Lawrence Okoye on NFL and return to discus: ‘Physically I am superior now – American football aided me’

Lawrence Okoye speaks gently, but with certainty.

Seventy metres is discus’ gold standard. Only three active have ever thrown that far and major titles are usually won with much less.

Could Okoye, after seven years out of the circle, really reach that mark?

“Absolutely,” he says. “Absolutely.”

His belief is total. But it has basis. Given another life, and other choices, he probably would already have done so.

In July 2011, at the age of 19, he threw 67.63m, further than any teenager before or since. In May 2012, he set the current British record of 68.24m.

Less than two years after taking up discus full-time, he was in an Olympic final. His coach predicted world records and major golds.

And then? Then, Okoye had offers.

A uniquely gifted athlete, his power and size came allied to raw speed. He had played for London Irish and Wasps’ academy sides and Premiership rugby clubs were preparing contracts to turn him back into a winger.

An especially gifted student, he also had a place to study law at Oxford.

But Okoye chose the unknown. He opted for American football and signed for the San Francisco 49ers.

It never quite worked out. New gridiron converts rarely manage to hang tough as long as Okoye did, but in four and a half years that included stints at the 49ers, Arizona Cardinals, New York Jets, Dallas Cowboys and Miami Dolphins, he didn’t get into a competitive NFL game.

“America was definitely something I enjoyed,” he said. “That decision to go was nine years ago now; it is not something I think about.

“I am very much focused on my day-to-day life and making sure I do what I need to achieve my goals.”

After spells with two lower-league American football teams, he’s now back in track and field.

And, he says, he’s better.

“I have a better body,” Okoye, now 29, says. “Physically I am a superior animal now to in 2012.

“Elite discus throwers are stronger than 99% of American football players. I would be stronger if I had done discus my whole athletic career. But in other aspects – explosiveness and athleticism – American football has aided me.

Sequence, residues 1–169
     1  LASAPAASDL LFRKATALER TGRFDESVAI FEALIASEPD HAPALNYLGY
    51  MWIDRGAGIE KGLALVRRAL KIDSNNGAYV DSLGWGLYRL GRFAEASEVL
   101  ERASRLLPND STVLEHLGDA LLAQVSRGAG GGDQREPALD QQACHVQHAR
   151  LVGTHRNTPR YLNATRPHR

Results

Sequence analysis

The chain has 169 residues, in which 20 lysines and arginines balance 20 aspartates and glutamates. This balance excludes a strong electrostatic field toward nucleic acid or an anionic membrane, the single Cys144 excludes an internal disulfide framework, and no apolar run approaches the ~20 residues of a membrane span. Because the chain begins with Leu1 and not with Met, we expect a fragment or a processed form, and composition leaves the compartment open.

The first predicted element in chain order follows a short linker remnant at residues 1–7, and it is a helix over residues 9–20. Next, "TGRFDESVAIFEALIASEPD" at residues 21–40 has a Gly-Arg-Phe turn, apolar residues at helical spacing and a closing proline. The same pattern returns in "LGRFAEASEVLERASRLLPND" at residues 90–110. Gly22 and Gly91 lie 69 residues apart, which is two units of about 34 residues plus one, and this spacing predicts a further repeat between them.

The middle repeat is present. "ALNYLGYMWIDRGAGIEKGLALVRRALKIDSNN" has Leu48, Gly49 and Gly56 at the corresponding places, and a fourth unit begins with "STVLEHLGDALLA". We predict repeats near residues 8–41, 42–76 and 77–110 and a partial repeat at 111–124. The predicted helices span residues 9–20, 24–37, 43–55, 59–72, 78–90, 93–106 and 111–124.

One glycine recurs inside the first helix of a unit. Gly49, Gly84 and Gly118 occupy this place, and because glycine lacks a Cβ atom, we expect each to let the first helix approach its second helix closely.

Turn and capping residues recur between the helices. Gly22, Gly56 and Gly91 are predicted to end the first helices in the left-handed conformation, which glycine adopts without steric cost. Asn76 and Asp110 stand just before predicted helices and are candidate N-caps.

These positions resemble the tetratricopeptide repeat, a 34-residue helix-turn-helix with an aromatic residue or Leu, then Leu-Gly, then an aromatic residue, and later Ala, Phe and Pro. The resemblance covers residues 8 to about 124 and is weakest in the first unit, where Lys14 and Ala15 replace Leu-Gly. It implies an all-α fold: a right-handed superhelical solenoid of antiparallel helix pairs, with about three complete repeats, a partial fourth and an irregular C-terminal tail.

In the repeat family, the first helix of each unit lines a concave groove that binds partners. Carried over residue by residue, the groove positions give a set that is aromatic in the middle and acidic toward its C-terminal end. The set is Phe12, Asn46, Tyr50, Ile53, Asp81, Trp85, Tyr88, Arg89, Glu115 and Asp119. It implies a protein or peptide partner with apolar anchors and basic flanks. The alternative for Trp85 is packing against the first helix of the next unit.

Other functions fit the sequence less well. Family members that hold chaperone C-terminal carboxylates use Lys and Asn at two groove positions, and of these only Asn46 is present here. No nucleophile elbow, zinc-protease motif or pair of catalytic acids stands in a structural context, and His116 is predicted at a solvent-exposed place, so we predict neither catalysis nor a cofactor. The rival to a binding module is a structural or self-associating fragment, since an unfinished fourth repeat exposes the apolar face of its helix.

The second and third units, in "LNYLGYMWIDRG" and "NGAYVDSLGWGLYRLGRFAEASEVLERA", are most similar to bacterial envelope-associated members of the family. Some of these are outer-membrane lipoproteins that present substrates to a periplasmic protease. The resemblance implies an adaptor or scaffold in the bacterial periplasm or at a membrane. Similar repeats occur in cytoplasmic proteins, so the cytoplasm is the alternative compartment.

“And I know more about sport in general now than I did in 2012. I have more experience, more life experience. I have more tools in my toolbox to get the job done.”

Another legacy of his NFL career – a torn abductor muscle and a serious hernia – hampered Okoye’s initial return to discus in 2019.

As facilities closed their doors in early 2020 amid the coronavirus pandemic, he resorted to throwing in a public park in Hull.

Now though, with an extra year’s training under his belt, he is on a trajectory for Tokyo.

In five outings this year, he has thrown further than any other Briton in 2021. But his 2021 best of 65.56m is still 44cm short of the Olympic qualifying standard.

“That’s not something I am worried about at all,” Okoye says.

“I have thrown [the qualifying distance] so many times, but had small toe fouls. In warm-ups I have thrown way further. It is just a matter of learning how to get better at competing. That is a skill in itself.”

He will get another chance this weekend when he represents Great Britain for the first time in nine years at the European Team Championships in Poland.

The way he talks, the way he throws, you would bet Okoye taking it too.

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